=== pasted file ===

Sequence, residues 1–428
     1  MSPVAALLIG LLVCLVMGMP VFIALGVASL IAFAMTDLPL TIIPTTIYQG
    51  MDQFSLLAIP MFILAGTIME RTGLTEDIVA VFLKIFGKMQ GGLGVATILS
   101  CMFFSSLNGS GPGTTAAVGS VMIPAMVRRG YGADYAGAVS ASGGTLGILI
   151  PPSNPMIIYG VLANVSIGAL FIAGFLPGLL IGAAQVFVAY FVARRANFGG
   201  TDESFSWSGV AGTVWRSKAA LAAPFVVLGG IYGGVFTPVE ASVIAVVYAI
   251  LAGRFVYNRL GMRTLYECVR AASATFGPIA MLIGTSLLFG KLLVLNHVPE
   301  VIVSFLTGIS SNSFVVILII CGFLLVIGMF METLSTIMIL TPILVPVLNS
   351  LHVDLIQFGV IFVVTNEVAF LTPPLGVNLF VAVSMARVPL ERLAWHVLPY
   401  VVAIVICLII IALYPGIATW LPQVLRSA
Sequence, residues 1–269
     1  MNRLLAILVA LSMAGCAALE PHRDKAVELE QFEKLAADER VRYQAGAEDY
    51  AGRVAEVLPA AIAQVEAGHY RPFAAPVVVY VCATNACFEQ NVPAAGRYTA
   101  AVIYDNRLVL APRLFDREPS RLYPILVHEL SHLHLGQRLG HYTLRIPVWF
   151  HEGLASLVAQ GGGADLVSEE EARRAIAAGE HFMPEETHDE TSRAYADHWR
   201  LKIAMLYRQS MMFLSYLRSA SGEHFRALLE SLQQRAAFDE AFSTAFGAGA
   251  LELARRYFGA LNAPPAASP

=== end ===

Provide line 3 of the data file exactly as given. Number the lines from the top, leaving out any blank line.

    51  MDQFSLLAIP MFILAGTIME RTGLTEDIVA VFLKIFGKMQ GGLGVATILS